Salsa Verde

Salsa Verte3

Many moons ago, my husband worked at a local mom and pop restaurant on and off for almost 10 years. It was well-known and loved and the family who opened it quickly became part of our family. It was heartbreaking when they, unfortunately, had to close their doors a couple years ago. Their menu was an upscale all American style. Gourmet burgers, beautifully prepared prime rib, and my favorite, skirt steak salad! Exactly the place where’d you learn how to make a Salsa Verde, well the sous chef was from Mexico and he shared his family’s recipe with us. The first time we made it, we were hooked. We even started growing our own tomatillos so we could have ample supply to make this in bulk every summer,  because we put this shit on everything!

What is salsa verde anyway? And what is the difference between that and salsa? Mainly salsa is a tomatoes, chillies, onions, herbs and acid, where Salsa Verde or green Salsa is made with tomatillos that are actually from the nightshade family and not the berry family like a tomato is even though they’ve been called green tomatoes. I find salsa verde more versatile than salsa, it’s great as an enchilada sauce, chilaquiles, slow braise sauce of a chuck roast for tacos, bonus if you add more sauce to the leftover chuck roast then you have an amazing tamale filling, or a dipping sauce for chips or better yet some creamy chicken taquitos.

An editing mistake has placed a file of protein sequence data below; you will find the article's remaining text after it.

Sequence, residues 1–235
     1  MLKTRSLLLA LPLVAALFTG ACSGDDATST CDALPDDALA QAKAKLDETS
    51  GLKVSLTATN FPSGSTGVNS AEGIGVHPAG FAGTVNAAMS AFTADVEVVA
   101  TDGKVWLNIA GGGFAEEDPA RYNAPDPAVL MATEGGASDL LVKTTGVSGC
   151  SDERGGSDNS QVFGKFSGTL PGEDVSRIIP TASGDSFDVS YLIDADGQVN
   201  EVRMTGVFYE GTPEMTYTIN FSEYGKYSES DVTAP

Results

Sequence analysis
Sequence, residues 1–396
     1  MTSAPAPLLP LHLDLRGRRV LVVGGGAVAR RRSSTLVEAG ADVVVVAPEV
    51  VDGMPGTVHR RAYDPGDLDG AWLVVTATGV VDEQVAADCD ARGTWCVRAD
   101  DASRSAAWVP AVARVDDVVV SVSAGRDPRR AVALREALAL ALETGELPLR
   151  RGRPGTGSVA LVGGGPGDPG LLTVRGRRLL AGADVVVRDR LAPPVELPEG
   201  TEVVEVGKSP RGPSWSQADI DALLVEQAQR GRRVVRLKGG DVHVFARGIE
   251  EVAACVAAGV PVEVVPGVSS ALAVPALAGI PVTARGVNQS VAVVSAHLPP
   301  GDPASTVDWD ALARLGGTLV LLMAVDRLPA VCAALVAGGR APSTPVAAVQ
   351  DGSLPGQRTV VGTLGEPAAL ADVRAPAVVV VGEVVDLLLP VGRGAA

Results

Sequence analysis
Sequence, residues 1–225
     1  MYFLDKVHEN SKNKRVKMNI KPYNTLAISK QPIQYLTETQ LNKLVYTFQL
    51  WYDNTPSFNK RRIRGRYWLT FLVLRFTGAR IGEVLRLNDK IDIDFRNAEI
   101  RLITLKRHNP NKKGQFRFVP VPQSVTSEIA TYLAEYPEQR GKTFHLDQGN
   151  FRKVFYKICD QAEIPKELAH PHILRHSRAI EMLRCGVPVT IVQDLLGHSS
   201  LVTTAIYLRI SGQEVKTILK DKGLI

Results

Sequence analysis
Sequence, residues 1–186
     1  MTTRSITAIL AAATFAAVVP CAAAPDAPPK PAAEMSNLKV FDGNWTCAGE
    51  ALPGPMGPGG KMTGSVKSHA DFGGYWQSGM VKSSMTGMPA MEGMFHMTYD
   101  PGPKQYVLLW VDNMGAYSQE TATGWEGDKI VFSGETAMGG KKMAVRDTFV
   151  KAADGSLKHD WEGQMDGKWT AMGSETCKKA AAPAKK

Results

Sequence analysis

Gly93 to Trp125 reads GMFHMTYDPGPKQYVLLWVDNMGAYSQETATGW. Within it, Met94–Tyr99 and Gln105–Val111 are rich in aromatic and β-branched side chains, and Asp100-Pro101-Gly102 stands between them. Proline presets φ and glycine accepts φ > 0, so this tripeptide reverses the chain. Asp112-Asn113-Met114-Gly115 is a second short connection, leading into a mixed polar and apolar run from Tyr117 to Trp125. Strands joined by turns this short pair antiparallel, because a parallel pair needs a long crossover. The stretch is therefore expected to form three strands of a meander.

Yield: 3 cups

Salsa Verde

Salsa Verde

Roasted tomatillo salsa that is as versatile as it is delicious.

Prep Time 10 minutes
Cook Time 30 minutes
Total Time 40 minutes


  • 2 lbs Tomatillos, peeled of paper and cut in halve
  • 1 medium Onion, halved
  • 4 cloves Garlic, peeled
  • 2 Jalapeños, ruff chopped (omit the white piff and seeds if you don't like the spice)
  • 2 teaspoons Coriander Seeds
  • 2 teaspoons Cumin Seeds
  • 1/2 bunch of Cilantro
  • 1 avocado


To Start: Preheat oven to 425°.

  1. In a large roasting pan or sheet tray, add all the ingredients except the cilantro and avocado. Coat everything with oil and season with salt and pepper, making sure not to crowd the pan. Roast until everything has a good char and the skins of the tomatillos have blistered. If there are a few black spots around, this is totally fine, that's how you'll know that you've reached the perfect level of doneness.
  2. Place everything including the cilantro and avocado in a blender and puree until smooth. Serve imminently or freeze in batches. I like to use ice cube trays to freeze it in, that way I can put them out into a large freezer bag and only pull what you need each time.


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